Several elk herds in the Laramie region are above their population objectives and should provide hunters with excellent hunting opportunities.  Hunters should read regulations for their hunt area, as many seasons have changed from the 2012 season.  In the Snowy Range herd, general-license seasons in hunt areas 9 and 10 were changed to a two-week any-elk limitation running from Oct. 1-14.  Beginning Oct. 15, season limitations shift to antlerless-elk-only until the end of October.  A spikes-excluded limitation has been added to the general-elk season for hunt areas 12 and 110.  Areas burned by 2012 wildfires in Hunt Area 7 have started to recover and should provide better hunting conditions.  Elk have learned to avoid areas with high hunting pressure, but plenty of good hunting should be available away from well-traveled roads and trails.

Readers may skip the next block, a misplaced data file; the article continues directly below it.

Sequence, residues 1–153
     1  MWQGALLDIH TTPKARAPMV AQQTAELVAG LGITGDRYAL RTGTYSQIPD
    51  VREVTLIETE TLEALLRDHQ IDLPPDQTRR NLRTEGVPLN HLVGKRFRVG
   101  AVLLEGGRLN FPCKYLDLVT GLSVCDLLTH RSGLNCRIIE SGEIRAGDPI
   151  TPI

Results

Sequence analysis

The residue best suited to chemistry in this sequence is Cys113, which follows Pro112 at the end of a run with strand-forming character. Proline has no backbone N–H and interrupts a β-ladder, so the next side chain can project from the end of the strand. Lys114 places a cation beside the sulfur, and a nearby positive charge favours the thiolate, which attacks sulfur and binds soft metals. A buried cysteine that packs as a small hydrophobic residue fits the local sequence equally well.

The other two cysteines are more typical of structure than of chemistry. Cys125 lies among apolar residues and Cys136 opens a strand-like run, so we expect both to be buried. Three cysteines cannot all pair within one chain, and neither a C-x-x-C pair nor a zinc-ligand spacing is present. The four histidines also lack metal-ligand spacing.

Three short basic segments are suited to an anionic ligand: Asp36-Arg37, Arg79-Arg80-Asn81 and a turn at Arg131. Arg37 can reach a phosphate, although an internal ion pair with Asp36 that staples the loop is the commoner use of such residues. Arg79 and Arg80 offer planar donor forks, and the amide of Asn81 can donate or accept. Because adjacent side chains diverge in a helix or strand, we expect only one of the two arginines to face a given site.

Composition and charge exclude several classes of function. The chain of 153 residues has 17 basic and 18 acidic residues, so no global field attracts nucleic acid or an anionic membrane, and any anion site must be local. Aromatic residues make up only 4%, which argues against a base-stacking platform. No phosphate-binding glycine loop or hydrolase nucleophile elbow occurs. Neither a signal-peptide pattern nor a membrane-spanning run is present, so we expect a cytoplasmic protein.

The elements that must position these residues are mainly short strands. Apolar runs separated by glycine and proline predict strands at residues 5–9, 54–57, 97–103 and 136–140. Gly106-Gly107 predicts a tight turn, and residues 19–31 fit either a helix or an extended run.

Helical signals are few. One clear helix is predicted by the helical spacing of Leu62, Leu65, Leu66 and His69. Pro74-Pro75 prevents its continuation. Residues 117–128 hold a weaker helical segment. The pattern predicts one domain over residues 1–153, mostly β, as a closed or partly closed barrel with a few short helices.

CASPER REGION